8. “Hook”

“When I was growing up, my family used to watch that movie every time it came on, and it stuck with me. It’s my favorite Peter Pan story to date. I’ve always loved the idea of a place I could fly off to and fight pirates and swim with mermaids. Watching him rediscover his inner child while I was growing up has helped me keep mine thriving.” — Alex H.

“Everything about his character in this movie was raw and emotional. There is such a magnificence and wonder that erupts when he discovers he is indeed Peter Pan. That feeling of being trapped as an adult and wanting that rush and excitement of being a kid again (before depression) makes me happy in ways I thought were long gone.” — Jennifer S.

“One scene at the very end keeps me going…

Wendy: So your adventures are over..
Peter: Oh no, to live — to live will be an awfully big adventure.” — Christopher G.

9. “The Fisher King”

“‘The Fisher King’ really resonated with me. The mistakes we make, the price that others sometimes pay for them, but the possibility of finding redemption in each other. It’s the first film I can remember where the mentally ill character was not a parody or a caricature.” — Shaun S.

“‘The Fisher King’ explored the realities of the mentally ill with humor, drama and deep compassion. I can think of no other movie that explores the interactions and the fine lines between ‘normal’ and ‘madness’ with more humanity. Robin Williams and Jeff Bridges embody the ongoing struggles of a society fractured by a need to improve understanding. The grace and message of this movie has been sadly overlooked, but it gave me hope that the world can change its broken attitudes.” — Kay W.

10. “Jack”

“Jack, because though he faced difficulties on an emotional level, he finds the right support system, helping him live a fuller happier life. Just like those of us who go through dark times.” — Chris S.

11. “Night at the Museum”

“‘Night at the Museum’ because he knew that even though he was stuck during the day (like a depressive episode where you can’t move), he knew that it wouldn’t always be that way.” — Mikayla M.

12. “August Rush”

“It is one of the only movies where he didn’t pretend, and you could tell he wasn’t. This movie made me realize, even the greatest struggled.” — Devin H.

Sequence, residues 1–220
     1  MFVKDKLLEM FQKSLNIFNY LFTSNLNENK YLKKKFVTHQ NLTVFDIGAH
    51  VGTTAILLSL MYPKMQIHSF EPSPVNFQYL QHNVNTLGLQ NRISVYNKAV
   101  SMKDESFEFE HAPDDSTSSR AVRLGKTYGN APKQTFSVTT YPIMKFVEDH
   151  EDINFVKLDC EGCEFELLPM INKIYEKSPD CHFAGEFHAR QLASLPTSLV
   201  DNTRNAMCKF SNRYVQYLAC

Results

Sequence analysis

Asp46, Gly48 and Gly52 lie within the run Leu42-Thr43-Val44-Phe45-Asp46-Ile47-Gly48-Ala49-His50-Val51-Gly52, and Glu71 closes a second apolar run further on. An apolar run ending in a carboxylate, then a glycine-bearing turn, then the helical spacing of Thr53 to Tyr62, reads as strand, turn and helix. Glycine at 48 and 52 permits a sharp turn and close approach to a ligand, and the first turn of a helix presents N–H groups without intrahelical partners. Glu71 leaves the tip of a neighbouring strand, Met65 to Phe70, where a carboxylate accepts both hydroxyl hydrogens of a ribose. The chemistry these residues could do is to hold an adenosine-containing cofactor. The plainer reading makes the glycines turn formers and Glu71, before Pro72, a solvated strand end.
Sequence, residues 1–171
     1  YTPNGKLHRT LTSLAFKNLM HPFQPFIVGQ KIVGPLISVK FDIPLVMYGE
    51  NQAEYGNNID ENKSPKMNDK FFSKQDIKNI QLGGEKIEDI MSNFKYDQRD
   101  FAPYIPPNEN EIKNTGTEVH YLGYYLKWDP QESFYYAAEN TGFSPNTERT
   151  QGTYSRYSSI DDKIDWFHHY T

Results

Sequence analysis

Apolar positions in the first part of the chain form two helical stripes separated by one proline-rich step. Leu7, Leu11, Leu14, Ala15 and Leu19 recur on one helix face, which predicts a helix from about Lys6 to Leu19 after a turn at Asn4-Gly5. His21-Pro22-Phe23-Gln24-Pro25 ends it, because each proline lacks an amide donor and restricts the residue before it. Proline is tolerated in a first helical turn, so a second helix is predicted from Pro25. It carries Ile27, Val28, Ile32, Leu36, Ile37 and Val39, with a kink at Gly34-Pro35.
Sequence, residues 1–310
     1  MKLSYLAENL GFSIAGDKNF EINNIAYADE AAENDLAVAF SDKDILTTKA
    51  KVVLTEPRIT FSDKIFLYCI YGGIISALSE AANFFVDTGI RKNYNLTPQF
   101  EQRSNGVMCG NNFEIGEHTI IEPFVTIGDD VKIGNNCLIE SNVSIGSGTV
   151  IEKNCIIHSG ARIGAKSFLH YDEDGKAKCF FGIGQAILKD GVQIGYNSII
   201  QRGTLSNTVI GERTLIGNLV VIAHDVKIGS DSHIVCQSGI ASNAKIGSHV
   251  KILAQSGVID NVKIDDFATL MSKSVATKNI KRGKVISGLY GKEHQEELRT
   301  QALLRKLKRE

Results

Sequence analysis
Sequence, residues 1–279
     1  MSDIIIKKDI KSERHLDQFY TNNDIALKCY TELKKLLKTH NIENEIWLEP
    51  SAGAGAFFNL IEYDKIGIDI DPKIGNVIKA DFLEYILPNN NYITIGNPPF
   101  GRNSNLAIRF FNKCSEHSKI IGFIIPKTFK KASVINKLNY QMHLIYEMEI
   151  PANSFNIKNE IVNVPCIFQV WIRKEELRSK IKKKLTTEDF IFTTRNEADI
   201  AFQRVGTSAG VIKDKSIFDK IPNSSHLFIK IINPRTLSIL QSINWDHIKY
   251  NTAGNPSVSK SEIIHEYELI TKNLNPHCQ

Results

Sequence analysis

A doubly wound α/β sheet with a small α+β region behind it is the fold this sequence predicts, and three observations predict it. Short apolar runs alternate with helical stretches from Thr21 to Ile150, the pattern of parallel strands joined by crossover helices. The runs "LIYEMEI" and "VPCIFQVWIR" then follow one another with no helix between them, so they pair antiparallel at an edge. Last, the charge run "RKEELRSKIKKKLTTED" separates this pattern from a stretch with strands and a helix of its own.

13. “Awakenings”

“I can’t really explain why, but I feel he was most like himself in that movie. He portrayed a lonely man with no real connection to anyone, but he put his heart in his work and his success brought him joy. In the end, he was lighter and more free with a better ability to connect to people other than his patients. He was trying so hard to be a part of something. That’s what I want for myself.” — Noreen A.

14. “The Angriest Man In Brooklyn”

“‘The Angriest Man In Brooklyn’ was possibly the most unlikely of his films to give me hope during depression… but it really did. His character was a man who was constantly angry at the whole world, and he was told by a doctor that he was dying. That same doctor follows him to try to convince him to get treatment and helps him to reconnect with the family he had alienated. It gives me hope that there are strangers out there who care that much and that no matter the reason you lost touch, you can reconnect with friends and family who have drifted away.” — Jenny B.

I also wanted to include a few answers from our community members who said they couldn’t pick just one film. Their words seemed too powerful not to share:

“I want to say only one of his movies affected me. I want to say one truly stands out… but that isn’t the case. He was my role model, my icon. From my lack of a fatherly figure in my life, he was the one I looked up to. My first chapter book I read was ‘Flubber,’ which he starred in. I’ve seen all his movies multiple times, I have connected with each of them, his passing affected me tremendously. He even met my dying nephew in a San Francisco children’s hospital. He connected to my family, I remember placing my feet in his prints at the Chinese Theatre in Hollywood. I saw all his video-taped beginning comedy, I watched this man through his whole career. So no, it wasn’t just one film or one moment of this man that I connected with, it was him entirely. He impacted my life in such a way that any star hopes to reach with his fans. I’m not some starstruck fan though; he inspired me in my life. When he died, a part of me went with him. So in essence, all his films were relatable for me.” — Kristina C.

“At first, I wanted to follow the rules and give you one answer. Then I realized that was an impossible task for me. I grew up watching his films, and as an actor myself, I admired his fearlessness, his authenticity, his energy, his creative genius. We can mask our mental illnesses by acting, but being an actor requires you to take off your masks. Any actor worth their salt will tell you that creating a character is a cathartic experience; you have to bring truth to your roles if you want to connect with your audience and that’s what Robin did best… We share an anniversary; I woke up alive… he didn’t. I don’t ever envision an August 11th without commemorating the day with a Robin Williams movie marathon. He shows me not that my bipolar disorder will be my death sentence, but that despite the manic depression, I can use my talents and live a full life. ‘What will your verse be?’” — Leah T.

“No one film, but a characteristic of all his roles. He always was able to truly show sadness. Seeing glimpses of what I perceived as true sadness made me realize it’s normal to feel sad and alone. It also made me feel that it’s acceptable to show raw emotion, which has helped me in life as well as therapy.” — Rebecca S.

If you or someone you know needs help, visit our suicide prevention resources page.

If you need support right now, call the National Suicide Prevention Lifeline at 1-800-273-8255, the Trevor Project at 1-866-488-7386 or text “HOME” to 741-741. Head here for a list of crisis centers around the world.

Originally published: August 11, 2017